I remember attending the Long Beach Summer Pro League back in 2006, and one of the scheduled matchups pitted the Grizzlies – featuring Hakim Warrick and then-rookie Kyle Lowry – against newly drafted Jordan Farmar and the Lakers. Though it’s difficult to recall most of the remaining players who suited up for that particular game, I do remember seeing 19-year-old Andrew Bynum matched up against Andreas Glyniadakis at the center position. Though he finished with 12 points, Bynum seemingly had his hands full that afternoon, committing six fouls in 20 minutes and appearing a bit out of rhythm.
Two of the biggest question marks surrounding Bynum as he entered the league was how he’d fare having to fill the void at center after the departure of Shaquille O’Neal, and how he’d handle developing in a city that had been accustomed to competing for championships. During his sophomore season that year, he averaged 7.8 PPG, 5.9 RPG, and 1.3 BPG. In 2007/08, Bynum posted 13.1/10.2/2.1, and despite being limited to 35 games, continued to show promise as a potential franchise cornerstone. HIs scoring averages would increase to 14.3 and 15.0 respectively over the next two seasons, and just a little over four years after that forgettable performance in Long Beach, Bynum would be celebrating his second consecutive NBA title as the team’s starting center.
Though he struggled with injuries during his seven-year stint in Los Angeles, he statistically peaked in his final year with the Lakers, appearing in 60 games and scoring 18.7 PPG on 55.8% shooting, grabbing 11.8 RPG, blocking nearly 2 shots per night, and would consequently earn his first All-Star berth. Unfortunately, Bynum wouldn’t be able to follow up in 2012/13, as injuries kept him from playing a single game for the 76ers. Cleveland appeared to present another chance at returning to prominence, though it appears that things don’t seem to progressing as well as he would like.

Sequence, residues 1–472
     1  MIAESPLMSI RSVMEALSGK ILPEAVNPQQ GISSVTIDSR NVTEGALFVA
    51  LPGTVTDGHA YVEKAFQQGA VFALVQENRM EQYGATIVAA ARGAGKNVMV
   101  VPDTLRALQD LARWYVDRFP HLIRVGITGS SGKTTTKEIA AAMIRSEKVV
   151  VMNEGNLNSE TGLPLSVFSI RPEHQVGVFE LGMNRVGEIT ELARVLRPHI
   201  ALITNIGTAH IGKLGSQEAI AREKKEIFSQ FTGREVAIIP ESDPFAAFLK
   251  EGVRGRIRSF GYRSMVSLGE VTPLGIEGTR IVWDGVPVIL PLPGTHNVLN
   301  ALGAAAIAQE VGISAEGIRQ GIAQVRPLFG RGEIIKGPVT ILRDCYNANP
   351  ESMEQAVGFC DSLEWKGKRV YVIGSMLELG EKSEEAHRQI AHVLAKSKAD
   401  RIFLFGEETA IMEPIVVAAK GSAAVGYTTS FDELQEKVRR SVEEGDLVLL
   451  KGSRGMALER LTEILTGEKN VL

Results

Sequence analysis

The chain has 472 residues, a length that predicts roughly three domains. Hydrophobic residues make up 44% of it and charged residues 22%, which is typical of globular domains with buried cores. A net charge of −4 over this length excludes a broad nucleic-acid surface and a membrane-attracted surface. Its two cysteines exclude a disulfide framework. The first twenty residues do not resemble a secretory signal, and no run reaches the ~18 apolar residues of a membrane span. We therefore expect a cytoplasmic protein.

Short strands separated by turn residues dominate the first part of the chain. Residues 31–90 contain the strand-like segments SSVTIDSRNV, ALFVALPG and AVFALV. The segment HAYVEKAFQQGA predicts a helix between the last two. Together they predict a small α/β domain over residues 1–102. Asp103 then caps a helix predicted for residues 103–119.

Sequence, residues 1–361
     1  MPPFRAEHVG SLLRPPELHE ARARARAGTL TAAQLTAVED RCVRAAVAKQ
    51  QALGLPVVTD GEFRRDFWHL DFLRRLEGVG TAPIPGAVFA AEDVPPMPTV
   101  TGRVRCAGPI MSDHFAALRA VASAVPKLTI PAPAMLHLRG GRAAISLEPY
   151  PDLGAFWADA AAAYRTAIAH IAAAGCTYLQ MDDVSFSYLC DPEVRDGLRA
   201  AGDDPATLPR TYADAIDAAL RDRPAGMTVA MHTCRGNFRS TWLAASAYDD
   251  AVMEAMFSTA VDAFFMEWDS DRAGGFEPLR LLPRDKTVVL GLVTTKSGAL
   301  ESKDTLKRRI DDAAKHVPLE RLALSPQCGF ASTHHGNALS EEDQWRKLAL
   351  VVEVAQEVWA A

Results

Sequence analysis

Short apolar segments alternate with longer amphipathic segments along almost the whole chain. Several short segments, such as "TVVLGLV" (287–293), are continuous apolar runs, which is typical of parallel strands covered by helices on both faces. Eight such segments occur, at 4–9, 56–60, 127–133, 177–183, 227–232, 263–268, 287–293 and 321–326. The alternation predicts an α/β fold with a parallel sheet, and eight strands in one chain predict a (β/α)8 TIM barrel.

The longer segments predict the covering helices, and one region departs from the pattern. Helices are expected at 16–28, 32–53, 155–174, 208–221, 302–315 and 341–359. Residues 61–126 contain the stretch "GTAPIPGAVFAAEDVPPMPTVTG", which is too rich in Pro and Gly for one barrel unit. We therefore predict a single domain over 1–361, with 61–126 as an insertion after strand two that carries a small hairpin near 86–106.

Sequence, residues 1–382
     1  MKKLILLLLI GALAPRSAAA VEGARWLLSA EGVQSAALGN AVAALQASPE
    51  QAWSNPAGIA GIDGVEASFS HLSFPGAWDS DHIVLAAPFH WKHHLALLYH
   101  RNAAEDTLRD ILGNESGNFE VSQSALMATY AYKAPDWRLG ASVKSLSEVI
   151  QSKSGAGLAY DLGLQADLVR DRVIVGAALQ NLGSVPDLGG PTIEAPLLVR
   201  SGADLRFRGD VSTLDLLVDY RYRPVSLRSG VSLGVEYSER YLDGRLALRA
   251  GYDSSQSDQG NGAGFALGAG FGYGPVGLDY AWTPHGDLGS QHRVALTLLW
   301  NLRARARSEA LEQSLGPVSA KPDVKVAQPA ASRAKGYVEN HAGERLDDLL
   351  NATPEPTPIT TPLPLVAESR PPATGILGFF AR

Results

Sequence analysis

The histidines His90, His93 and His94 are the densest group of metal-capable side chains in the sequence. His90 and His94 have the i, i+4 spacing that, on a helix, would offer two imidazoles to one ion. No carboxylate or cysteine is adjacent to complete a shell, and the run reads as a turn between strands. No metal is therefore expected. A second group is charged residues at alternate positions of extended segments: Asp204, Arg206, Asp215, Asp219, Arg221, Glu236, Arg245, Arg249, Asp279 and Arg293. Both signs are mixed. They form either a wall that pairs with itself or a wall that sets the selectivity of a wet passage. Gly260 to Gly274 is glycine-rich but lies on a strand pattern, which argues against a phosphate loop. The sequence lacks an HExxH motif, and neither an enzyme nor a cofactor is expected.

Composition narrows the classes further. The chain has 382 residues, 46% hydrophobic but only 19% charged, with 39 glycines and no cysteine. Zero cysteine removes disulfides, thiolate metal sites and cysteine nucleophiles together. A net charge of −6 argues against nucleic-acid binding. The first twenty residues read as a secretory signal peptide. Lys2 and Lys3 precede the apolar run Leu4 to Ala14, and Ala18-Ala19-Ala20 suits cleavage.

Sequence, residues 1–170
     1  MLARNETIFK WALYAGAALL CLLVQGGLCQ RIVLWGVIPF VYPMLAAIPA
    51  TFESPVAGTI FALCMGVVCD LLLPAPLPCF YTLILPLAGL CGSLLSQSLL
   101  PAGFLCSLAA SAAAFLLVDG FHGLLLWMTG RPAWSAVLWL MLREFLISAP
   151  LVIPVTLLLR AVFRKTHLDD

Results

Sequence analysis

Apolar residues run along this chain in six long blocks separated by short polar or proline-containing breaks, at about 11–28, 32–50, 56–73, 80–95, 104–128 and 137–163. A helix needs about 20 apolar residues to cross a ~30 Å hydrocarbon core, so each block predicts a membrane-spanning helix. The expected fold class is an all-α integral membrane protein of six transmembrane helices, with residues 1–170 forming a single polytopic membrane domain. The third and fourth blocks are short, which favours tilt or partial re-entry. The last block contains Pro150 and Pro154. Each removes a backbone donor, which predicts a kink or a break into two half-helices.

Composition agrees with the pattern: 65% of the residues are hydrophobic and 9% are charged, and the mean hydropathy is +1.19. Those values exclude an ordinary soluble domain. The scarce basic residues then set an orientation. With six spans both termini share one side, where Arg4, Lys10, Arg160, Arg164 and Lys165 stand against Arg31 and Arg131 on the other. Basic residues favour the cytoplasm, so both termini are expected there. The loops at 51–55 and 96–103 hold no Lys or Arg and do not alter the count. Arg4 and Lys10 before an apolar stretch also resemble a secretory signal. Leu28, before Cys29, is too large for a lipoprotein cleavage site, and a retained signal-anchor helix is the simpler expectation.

Earlier today, we heard that Bynum’s continued battle to stay healthy has mentally taken it’s toll, and he says he can’t enjoy playing the game knowing that he’s unable to completely do what he used to (Keith Pompey of Philly.com):
“It’s tough to enjoy the game because of how I am physically. I’m certain that I will work through the pain…My health is my concern…My knees are my knees. They’re not going to get better. They are what they are. And that’s really it.”
For some, the period of NBA prime arguably lasts between ages 26-33. While it’s hard to believe that he’s already considering retirement at 26, if you consider what he’s already accomplished in the league at this point, do you think Bynum will ultimately retire early?